Sat-nav technology for ambulances would result in ’unsafe’ service - Minister
HSE criticised over emergency vehicles ending up at wrong addresses
Minister for Health James Reilly said he had asked the HSE to establish a review group to see how people with long-term illnesses or conditions – and who are not covered by medical cards – could access supports. Photograph: Eric Luke/The Irish Times
Ambulances are not supplied with sat-nav equipment because it would be unsafe to do so, Minister for Health James Reilly said yesterday.
The Health Service Executive has faced criticism over recent months for poor response times and numerous cases of emergency vehicles ending up at the wrong address.
At the Joint Oireachtas Committee on Health yesterday, Sinn Féin TD Caoimhghín Ó Caoláin questioned why ambulances did not have access to this form of technology, which would cost “a pittance”.
“Lives are involved. Tragic outcomes need to be avoided. I know instances of ambulances going around and around not knowing what address to go to,” Mr Ó Caoláin said.
Mr Reilly, however, said command centres used their own mapping technology which then provided directions to ambulances.
He said the system was safer and more comprehensive than standard sat-nav systems, which often did not cover townlands and other areas. Mr Reilly said cost was not an issue.
“We all have to accept that as much as we strive for perfection, it eludes us and sometimes the wrong information is transmitted and vehicles go to the wrong place,” the Minister said.
However, he said he was sufficiently concerned at a number of recent incidents that he asked the Health Information and Quality Authority to fast-track a planned review of the service.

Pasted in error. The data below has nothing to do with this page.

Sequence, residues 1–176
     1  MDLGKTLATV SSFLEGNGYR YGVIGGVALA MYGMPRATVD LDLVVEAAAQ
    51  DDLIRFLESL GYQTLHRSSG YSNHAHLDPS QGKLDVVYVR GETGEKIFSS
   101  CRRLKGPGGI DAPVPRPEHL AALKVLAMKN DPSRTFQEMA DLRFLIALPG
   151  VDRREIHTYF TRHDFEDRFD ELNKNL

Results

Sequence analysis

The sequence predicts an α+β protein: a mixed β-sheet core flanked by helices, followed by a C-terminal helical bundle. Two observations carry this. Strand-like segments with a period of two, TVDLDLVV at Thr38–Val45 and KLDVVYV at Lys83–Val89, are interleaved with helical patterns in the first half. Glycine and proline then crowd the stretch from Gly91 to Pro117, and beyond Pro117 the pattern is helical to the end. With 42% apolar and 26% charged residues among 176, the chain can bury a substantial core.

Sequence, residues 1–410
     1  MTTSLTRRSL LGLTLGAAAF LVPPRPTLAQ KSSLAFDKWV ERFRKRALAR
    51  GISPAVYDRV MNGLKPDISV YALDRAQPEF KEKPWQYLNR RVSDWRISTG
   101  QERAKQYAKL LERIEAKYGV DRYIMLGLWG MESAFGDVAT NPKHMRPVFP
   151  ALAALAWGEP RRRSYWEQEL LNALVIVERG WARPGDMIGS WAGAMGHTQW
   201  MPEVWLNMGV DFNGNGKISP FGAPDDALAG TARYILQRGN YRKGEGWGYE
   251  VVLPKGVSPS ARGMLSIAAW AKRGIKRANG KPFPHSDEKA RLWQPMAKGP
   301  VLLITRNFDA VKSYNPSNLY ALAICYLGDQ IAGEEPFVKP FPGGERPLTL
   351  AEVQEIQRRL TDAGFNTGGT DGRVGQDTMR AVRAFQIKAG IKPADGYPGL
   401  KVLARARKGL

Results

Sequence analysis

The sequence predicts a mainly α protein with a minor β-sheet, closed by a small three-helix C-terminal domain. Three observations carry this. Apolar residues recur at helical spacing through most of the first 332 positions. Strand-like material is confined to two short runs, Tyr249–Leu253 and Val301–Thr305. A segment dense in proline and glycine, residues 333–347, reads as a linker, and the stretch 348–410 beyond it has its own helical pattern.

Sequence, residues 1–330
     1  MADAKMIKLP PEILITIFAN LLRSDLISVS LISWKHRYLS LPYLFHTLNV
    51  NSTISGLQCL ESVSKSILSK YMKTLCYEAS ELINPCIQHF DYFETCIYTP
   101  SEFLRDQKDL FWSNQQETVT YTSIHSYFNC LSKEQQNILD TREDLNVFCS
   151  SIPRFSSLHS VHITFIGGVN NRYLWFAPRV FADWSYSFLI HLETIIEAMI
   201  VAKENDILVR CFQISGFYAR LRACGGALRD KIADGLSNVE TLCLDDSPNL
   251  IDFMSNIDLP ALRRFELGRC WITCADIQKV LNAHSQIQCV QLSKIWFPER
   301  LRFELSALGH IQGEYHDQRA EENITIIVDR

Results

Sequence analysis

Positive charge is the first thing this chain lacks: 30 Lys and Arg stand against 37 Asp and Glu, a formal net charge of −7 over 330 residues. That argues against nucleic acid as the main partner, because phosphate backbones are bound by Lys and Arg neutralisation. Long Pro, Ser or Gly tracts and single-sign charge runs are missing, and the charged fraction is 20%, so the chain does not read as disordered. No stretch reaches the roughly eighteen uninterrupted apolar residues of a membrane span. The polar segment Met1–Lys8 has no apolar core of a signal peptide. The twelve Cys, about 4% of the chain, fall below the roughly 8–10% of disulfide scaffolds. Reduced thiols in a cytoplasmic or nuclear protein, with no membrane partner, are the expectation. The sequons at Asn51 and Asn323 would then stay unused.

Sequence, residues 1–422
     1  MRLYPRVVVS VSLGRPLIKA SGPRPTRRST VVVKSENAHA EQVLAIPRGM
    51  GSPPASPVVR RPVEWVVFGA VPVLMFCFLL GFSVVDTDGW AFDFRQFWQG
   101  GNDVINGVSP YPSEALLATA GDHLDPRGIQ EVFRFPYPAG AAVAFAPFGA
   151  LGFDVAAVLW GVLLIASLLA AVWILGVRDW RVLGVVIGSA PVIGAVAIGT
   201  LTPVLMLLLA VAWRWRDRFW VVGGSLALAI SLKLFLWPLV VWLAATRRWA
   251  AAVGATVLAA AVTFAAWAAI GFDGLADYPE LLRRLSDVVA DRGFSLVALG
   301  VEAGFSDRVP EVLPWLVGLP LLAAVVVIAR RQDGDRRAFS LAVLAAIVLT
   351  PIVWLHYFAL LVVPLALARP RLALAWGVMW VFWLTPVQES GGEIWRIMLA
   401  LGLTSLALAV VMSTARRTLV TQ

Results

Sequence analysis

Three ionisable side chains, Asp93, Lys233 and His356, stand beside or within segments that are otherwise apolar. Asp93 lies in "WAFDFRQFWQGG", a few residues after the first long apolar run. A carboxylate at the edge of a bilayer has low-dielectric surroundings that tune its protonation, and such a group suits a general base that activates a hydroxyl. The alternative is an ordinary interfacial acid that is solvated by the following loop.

Tony O’Brien, the HSE’s chief executive, acknowledged that a review of recent incidents confirmed that at some emergency departments, vehicles had been delayed for longer than the 20-minute target time.
However, he said the executive was continually working to improve response times and had increased investment in the services over the past two years.
This funding had helped to secure 25 new “intermediate care vehicles” and a new single national control centre which will cater for an increased volume of emergency calls.
The committee also heard concerns from TDs over medical cards, with chairman Jerry Buttimer citing examples of people’s medical cards expiring without any warning.
Mr Reilly said he had asked the HSE to establish a review group to see how people with long-term illnesses or conditions – and who are not covered by medical cards – could access supports.
This move was focused in particular at children with conditions such as Down syndrome, cystic fibrosis and other conditions.
He also confirmed that plans to introduce free GP care for children aged under five are progressing and he hoped they would be in place midway through the year.
“Work will continue on the development of options for the provision of a GP service without fees to the entire population by early 2016,” he said.
“Those who query the wisdom of providing free GP care, while there are wider difficulties with the medical care system, are failing to see the overarching importance of the move.”